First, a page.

Medicaid reimbursement victory in Arkansas
When the next group of predoctoral psychology interns begin their internships in Arkansas on Sept. 1, their mental health services will once again be reimbursed by Medicaid. A licensing change effective Jan. 1, 2014, had suspended Medicaid reimbursement for all mental health services provided by predoctoral psychology interns in Arkansas. But thanks to advocacy efforts from the Arkansas Psychological Association and grassroots support, new rules were drafted that overturned the change.
Prior to Dec. 31, 2013, mental health services provided by predoctoral psychology interns in Arkansas were reimbursed through Medicaid as long as the intern was provisionally licensed as a Licensed Psychological Examiner (LPE). The LPE was a master’s-level license that required a 60-hour master’s degree in psychology or a related field. On Dec. 31, 2013, the LPE was sunset and no new LPEs could be licensed by the Arkansas Psychology Board (Board). Thus mental health services provided by predoctoral interns could no longer be reimbursed by Medicaid.
A task force consisting of representatives from the Arkansas Psychological Association (ArPA), the Board, and the affected internship programs began working to address this issue last fall. ArPA reached out to the Department of Human Services (DHS), which manages Medicaid in Arkansas, to begin discussions through email and in-person meetings.
The task force proposed a change in Arkansas Medicaid rules to include reimbursement for services provided by predoctoral psychology interns under the following conditions:
- Internship program is accredited by the American Psychological Association (APA).
- Clinical supervision is approved by the Arkansas Psychology Board.
- Supervisor is an approved Medicaid provider.
The new Psychology Intern Policy addresses billing and how supervision will be done.
In order to achieve this change, the task force had to work with both the DHS and the state psychology board to make regulation and rule changes at the same time. The state Medicaid plan needed to be updated to accommodate intern reimbursement, and the Board had to make rule changes regarding supervision of psychology interns. The changes were then opened for a public comment period.
The Medicaid plan changes and the Board rule changes were sent to the state Public Health committee on July 25 and the Rules and Regulations Committee on Aug. 6, where they received final approval. ArPA mobilized grassroots members to lobby state senators and representatives on those committees to help minimize delays.
A shortage of psychologists providing mental health services in Arkansas, particularly in rural areas and to underserved populations, meant this issue was important not only to psychologists and patients, but to state Medicaid officials as well. “There was not really any resistance,” said Art Gillaspy, PhD, chairperson of the Department of Psychology and Counseling at the University of Central Arkansas. “It was just a matter of working out the details and informing DHS about how psychology internships are different from other mental health professions.”
Part of the issue, said Gillaspy, was that “intern” can be a vague term. Many professional programs have training experiences labeled “internships.” “DHS’ concern was if psychology interns are allowed to bill through supervisors, other mental health professions will want the same privilege,” says Gillaspy. “We did a lot to educate them about what psychology internships involve, and the checks we have in place to guarantee the quality of our internship training.”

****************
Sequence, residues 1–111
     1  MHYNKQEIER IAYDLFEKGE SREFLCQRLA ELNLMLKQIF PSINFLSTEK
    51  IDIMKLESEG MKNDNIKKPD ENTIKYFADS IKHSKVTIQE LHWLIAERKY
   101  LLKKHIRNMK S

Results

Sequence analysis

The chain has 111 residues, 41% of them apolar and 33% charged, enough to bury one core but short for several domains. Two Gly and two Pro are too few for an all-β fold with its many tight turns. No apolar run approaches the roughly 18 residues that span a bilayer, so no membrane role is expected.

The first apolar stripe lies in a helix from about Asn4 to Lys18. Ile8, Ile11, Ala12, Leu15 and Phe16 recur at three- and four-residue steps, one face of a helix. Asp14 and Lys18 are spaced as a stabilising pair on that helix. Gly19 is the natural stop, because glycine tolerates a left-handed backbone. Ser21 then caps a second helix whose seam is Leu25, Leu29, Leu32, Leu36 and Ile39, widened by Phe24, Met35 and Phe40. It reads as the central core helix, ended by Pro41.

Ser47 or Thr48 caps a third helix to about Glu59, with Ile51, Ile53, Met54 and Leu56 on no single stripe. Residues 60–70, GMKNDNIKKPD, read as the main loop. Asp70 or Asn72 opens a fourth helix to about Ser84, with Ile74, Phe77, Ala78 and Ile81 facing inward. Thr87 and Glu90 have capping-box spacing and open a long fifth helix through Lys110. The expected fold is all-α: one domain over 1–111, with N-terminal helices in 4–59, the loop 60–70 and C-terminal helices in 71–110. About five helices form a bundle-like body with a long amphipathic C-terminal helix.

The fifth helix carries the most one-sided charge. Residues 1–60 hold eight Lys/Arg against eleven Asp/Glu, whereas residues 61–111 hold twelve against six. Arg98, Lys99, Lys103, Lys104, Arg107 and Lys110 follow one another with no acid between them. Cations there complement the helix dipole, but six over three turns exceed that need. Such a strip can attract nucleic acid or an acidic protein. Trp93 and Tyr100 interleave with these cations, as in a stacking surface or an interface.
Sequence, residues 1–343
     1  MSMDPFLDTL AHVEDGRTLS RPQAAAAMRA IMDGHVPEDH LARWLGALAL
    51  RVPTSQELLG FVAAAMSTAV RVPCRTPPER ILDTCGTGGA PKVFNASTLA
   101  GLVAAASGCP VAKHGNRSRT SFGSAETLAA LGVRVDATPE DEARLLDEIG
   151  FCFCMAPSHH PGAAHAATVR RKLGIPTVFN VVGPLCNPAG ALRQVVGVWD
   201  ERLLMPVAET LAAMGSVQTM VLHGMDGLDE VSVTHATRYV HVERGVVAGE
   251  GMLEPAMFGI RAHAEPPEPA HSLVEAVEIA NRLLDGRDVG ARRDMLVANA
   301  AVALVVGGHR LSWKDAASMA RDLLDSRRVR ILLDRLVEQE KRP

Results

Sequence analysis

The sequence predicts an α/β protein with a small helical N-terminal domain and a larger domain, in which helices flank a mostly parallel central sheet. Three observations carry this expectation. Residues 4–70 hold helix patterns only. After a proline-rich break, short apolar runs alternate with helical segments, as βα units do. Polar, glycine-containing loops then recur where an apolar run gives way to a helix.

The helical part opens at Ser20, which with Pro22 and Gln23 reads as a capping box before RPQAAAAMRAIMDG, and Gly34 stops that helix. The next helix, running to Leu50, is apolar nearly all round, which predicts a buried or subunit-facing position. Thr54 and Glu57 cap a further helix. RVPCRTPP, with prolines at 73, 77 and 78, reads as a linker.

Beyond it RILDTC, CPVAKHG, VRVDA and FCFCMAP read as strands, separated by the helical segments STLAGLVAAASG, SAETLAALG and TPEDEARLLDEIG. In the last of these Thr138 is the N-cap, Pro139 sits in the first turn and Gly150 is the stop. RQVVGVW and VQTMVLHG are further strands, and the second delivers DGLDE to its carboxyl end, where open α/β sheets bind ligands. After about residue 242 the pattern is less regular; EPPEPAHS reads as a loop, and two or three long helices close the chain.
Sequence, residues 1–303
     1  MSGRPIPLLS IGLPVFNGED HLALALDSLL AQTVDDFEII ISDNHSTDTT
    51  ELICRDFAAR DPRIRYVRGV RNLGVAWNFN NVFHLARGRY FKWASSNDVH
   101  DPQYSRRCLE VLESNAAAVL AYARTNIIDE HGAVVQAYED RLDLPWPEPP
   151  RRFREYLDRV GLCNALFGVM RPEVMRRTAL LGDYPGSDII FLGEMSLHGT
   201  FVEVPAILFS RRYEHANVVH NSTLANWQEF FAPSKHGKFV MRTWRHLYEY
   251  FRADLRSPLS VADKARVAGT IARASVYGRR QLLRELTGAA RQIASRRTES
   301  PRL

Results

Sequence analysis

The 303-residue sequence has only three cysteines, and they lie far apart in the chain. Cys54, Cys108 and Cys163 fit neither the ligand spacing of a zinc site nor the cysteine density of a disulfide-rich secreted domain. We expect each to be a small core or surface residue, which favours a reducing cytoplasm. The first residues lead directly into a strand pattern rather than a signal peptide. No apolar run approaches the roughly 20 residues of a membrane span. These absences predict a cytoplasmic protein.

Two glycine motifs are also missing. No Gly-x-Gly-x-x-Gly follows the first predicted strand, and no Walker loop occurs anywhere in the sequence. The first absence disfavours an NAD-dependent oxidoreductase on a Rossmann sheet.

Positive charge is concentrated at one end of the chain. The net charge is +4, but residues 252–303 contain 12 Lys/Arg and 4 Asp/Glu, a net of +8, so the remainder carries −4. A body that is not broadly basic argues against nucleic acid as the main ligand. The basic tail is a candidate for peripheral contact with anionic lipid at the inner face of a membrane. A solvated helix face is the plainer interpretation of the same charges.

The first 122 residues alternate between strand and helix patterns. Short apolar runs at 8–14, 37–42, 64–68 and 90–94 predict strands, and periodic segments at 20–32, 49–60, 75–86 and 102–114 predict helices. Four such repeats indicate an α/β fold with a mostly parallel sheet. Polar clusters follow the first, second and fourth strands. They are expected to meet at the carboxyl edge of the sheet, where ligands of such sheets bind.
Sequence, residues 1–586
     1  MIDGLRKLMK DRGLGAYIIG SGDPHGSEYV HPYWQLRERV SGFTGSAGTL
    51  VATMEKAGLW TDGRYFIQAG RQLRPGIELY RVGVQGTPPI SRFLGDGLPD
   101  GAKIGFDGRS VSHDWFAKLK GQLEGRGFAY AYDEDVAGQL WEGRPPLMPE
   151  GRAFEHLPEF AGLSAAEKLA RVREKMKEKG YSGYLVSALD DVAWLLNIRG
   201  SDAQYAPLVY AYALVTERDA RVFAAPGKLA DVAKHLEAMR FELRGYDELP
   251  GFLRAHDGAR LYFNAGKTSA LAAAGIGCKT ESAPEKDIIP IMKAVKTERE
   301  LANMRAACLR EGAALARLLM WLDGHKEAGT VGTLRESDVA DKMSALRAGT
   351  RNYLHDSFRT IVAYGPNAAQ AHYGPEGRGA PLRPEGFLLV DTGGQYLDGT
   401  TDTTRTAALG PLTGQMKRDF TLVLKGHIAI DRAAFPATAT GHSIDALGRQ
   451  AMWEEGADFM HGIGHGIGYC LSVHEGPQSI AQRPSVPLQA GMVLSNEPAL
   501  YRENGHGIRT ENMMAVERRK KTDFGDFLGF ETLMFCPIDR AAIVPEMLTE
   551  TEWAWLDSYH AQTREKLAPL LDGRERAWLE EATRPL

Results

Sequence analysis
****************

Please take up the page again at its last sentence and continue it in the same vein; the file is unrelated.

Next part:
The task force met several times with Arkansas Medicaid administrators at DHS to work out the terms of the proposed changes to the Medicaid plan. The group also met several times with the Arkansas Psychology Board to develop proposed rule changes that explicitly allow the Board to approve supervision of doctoral-level interns.
Letters to the psychology board and to the Medicaid office from the APA Education and Practice directorates provided a big-picture perspective on this issue. ArPA also used talking points from APA’s "Compilation of Medicaid State Barriers to Psychological Services" in its response during the public comment period.
Gillaspy’s involvement with the effort began in fall 2013. At that time, then ArPA President Courtney O. Ghormley, PhD, was already in discussions with Laurence H. Miller, MD, medical director/director of Research & Training Institute for DHS, about securing reimbursement for psychological services provided by predoctoral psychology interns. Lisa McNeir, PhD, a member of the Arkansas Psychology Board, joined the effort, and when Ghormley's term ended, the new ArPA president, Patricia L. Griffen, PhD, became a driving force behind the effort. The task force also included Regina Pierce, CEO of South Arkansas Regional Health Center, which has an APA-accredited internship program.
Medicaid reimbursement in other states
Some states such as Oklahoma, Minnesota, Nevada, Alabama, Georgia and Ohio have methods in place to allow for Medicaid reimbursement of psychological services provided by predoctoral interns. If your state allows for the reimbursement of services provided by predoctoral interns or postdoctoral trainees through Medicaid, please notify the APA Practice Directorate's Office of Legal and Regulatory Affairs by phone at (202) 336-5886 or by email.
States design and administer their own Medicaid programs within broad federal guidelines; therefore, there is much variance in how plans are implemented across different states. Even with this variance, Arkansas’s example may provide a template for advocacy in other states looking to achieve similar results.